Suze Orman's 7 Best Credit Card Tips

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These are the best pieces of credit card wisdom Suze Orman has dished out.

With several bestselling books, TV appearances, and a popular podcast, Suze Orman is one of the most well-known financial advisors in the world. During her lengthy career, she has provided plenty of guidance on credit cards and how to use them.

Credit card advice from financial gurus can be hit or miss. Some of them discount the benefits credit cards offer and focus entirely on the risk of debt -- you could call this the Dave Ramsey approach.

To her credit, however, Orman hasn't done that. Instead, she has given several good credit card tips that are worth listening to.

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1. Pay your credit card bills in full every month

Orman recommends always paying credit card bills in full. It's even the first item on her financial strength test.

This is one of the most popular credit card tips, but there's no overstating how important it is. Paying in full means the card issuer doesn't charge you credit card interest on your purchases. Since you're not carrying a balance, you're not at risk of ending up in credit card debt.

2. If you have credit card debt, pay off the card with the highest APR first

For consumers with credit card debt, Orman recommends a method she calls the credit card roll-down. Here's how it works:

  1. Make the required minimum payments on all your credit cards.
  2. Put extra money toward the credit card with the highest interest rate.
  3. When you pay off that card, move on to the card with the next-highest interest rate.

This is a common repayment method that's often called the debt avalanche. Because it prioritizes cards with higher interest rates, it saves you the most money overall.

3. Look for balance transfer offers to save on credit card debt

Another tip of Orman's for consumers with credit card debt is to look for balance transfer offers. A balance transfer is when you move a balance from one credit card to another with a lower interest rate.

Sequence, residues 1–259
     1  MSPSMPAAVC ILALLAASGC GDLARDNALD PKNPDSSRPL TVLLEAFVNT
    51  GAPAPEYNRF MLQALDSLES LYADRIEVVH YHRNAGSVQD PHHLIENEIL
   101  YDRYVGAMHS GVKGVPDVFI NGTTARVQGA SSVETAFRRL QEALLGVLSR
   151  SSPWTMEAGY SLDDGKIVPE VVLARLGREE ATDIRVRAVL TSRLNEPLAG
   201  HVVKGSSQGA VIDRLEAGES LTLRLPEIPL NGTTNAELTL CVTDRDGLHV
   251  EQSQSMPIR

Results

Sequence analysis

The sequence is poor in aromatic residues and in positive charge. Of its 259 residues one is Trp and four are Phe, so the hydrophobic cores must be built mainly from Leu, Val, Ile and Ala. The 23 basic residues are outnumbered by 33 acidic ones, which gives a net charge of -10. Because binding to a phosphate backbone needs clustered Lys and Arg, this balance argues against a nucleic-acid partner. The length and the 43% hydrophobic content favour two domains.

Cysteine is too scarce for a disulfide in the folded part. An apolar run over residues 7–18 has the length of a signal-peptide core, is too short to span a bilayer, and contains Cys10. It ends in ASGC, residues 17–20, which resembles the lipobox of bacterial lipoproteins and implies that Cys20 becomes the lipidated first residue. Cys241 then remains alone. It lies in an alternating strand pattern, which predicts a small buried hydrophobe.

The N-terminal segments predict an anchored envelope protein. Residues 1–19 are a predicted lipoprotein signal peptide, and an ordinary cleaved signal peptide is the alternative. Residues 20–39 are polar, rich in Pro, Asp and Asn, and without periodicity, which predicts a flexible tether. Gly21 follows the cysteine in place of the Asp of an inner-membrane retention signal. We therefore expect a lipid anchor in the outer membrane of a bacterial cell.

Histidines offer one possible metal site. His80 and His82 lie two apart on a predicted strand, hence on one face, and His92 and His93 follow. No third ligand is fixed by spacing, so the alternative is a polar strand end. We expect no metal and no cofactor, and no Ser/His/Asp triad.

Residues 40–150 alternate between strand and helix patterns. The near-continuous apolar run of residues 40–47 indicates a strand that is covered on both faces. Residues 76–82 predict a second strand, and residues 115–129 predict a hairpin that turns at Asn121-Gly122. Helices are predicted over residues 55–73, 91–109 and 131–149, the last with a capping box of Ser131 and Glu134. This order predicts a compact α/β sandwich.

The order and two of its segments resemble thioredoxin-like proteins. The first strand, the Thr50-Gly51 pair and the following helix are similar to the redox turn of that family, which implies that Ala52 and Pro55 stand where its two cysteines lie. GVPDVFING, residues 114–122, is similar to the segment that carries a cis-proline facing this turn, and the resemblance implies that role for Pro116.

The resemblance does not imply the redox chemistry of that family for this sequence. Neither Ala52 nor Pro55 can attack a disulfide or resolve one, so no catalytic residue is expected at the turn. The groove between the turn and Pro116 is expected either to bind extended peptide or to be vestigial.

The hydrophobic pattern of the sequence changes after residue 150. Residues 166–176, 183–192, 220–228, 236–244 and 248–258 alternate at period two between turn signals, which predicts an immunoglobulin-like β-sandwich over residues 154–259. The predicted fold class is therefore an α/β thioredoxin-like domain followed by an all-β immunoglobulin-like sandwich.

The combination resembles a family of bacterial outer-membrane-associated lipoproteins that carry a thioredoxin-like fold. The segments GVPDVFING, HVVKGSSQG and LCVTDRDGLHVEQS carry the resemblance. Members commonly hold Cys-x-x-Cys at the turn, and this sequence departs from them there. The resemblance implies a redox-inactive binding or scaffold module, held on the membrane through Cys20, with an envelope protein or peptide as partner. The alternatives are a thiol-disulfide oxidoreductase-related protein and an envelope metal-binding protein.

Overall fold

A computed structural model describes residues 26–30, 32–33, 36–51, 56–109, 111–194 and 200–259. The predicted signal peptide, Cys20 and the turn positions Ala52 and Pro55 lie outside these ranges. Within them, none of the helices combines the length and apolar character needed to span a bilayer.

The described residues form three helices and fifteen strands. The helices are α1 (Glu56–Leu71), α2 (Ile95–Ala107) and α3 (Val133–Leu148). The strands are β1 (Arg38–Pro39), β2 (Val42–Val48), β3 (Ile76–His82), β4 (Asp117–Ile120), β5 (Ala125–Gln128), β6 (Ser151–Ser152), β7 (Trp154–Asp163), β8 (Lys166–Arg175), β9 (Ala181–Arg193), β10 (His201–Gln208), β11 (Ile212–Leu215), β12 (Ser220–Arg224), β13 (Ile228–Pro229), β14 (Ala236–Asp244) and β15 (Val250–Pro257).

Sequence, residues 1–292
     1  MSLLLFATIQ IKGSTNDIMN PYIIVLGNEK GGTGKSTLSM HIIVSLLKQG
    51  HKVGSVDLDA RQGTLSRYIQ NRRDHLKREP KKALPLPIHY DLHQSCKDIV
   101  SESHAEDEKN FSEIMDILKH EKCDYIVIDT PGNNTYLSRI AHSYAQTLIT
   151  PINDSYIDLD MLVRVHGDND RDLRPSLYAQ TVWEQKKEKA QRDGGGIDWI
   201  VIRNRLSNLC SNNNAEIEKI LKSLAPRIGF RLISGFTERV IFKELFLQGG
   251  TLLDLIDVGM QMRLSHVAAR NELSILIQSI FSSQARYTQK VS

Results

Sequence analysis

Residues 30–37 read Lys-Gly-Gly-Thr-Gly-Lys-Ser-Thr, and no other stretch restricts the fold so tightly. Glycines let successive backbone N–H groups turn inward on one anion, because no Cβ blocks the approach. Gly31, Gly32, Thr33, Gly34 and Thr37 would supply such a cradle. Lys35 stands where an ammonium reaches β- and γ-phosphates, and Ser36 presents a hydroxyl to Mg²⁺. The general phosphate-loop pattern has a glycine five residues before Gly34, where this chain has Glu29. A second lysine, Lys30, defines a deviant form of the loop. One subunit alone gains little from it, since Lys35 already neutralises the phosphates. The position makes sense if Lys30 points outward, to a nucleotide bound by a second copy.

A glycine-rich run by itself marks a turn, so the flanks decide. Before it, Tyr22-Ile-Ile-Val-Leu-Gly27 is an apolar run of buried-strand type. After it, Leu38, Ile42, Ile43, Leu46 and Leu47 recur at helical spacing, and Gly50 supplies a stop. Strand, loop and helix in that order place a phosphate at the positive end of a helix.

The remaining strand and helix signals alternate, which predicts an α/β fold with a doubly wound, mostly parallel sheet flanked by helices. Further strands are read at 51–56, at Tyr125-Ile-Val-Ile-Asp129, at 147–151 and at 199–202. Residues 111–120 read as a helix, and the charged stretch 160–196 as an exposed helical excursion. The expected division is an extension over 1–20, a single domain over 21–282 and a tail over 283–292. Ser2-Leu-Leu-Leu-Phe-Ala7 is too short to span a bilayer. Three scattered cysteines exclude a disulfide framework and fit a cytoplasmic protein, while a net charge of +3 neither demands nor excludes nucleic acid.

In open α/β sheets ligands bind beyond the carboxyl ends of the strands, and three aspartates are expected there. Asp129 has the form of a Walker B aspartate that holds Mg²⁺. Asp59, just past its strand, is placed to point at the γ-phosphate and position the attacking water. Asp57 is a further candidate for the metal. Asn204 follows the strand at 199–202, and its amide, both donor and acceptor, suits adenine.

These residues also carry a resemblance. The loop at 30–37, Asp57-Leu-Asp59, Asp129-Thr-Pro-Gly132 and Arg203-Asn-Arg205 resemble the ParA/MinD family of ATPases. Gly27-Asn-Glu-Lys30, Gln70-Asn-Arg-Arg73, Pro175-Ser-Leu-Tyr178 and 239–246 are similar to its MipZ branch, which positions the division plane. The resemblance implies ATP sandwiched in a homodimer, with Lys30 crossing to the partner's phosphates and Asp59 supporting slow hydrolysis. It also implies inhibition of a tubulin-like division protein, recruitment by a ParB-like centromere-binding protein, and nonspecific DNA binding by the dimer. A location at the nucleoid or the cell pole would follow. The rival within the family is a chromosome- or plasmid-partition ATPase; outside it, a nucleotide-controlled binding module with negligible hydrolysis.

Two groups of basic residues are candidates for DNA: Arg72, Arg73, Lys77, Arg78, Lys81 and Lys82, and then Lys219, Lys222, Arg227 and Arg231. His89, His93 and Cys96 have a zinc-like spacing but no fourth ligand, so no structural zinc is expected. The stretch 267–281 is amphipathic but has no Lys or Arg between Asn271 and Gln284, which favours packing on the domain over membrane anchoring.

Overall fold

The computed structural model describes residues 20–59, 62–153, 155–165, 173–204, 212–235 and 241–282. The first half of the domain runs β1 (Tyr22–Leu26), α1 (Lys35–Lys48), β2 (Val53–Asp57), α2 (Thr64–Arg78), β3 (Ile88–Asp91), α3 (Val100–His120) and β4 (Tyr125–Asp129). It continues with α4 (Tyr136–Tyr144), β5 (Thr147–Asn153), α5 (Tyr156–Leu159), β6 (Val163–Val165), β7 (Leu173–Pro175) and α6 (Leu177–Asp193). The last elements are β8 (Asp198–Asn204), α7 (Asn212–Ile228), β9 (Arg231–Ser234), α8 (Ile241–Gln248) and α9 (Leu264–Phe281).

The best balance transfer credit cards offer a 0% intro APR on balance transfers. That type of deal can save you quite a bit compared to a card with an APR of 15% or higher.

You usually need a high credit score, meaning a FICO® Score of 670 or above, to qualify for balance transfer cards. Most of these cards also charge a balance transfer fee of 3% to 5%. Even with that extra cost, you should still come out ahead with what you'd save on interest.

4. Teach your kids about credit

For parents, Orman advises the following:

  • Add teens to your credit card as authorized users.
  • Let them use their authorized user cards occasionally for agreed-upon expenses.
  • Go over the credit card statement and explain the danger of minimum payments. Let them know they should only make purchases they can pay in full.
  • Cosign to help them get credit cards of their own.

By following this advice, your kids will have a head start on building good credit scores. They'll also learn how to use credit cards without racking up debt.

5. Check your credit report

Orman believes everyone should check their credit reports annually for errors and signs of identity theft. You can request your credit report from each credit bureau (Equifax, Experian, and TransUnion) at

Consumers are legally entitled to one free annual credit report from each of those credit bureaus (although weekly reports are currently free until April 2022). It's wise to request yours yearly in case there's any inaccurate information or someone has opened an account in your name.

6. Use a cash back credit card

If you stay on top of your credit card bills and have a high credit score, Orman recommends getting a cash back credit card.

That's a great idea if you have no credit card debt and you pay your bill in full every month. Cash back credit cards earn money back on every purchase. Depending on the card and the spending category of the purchase, you could get 2% back or more.

There's just one amendment I'd make to this piece of advice: Don't forget to check out other types of rewards cards, too. Cash back cards are popular for how easy they are to use, but they aren't the only option. For example, if you go on trips often, you may benefit more from travel rewards cards.

7. Stay away from store credit cards

When it comes to store credit cards, Orman isn't a fan because of their high interest rates. She cautions against opening one unless you're sure you'll never carry a balance.

High interest rates aren't the only reason to avoid store cards. Many of these cards are of limited use because they have such store-specific benefits. They only earn bonus rewards on purchases at the store brand that issued them, and your rewards are only redeemable at that store.

Some store credit cards offer more useful perks, and this type of card can be worth it if you shop at the store frequently. But in most cases, it's better to go with a more versatile cash back or travel rewards card.

It's nice to see a popular financial personality who provides sound advice about credit cards. All of Orman's credit card tips listed here are practical and good to follow.

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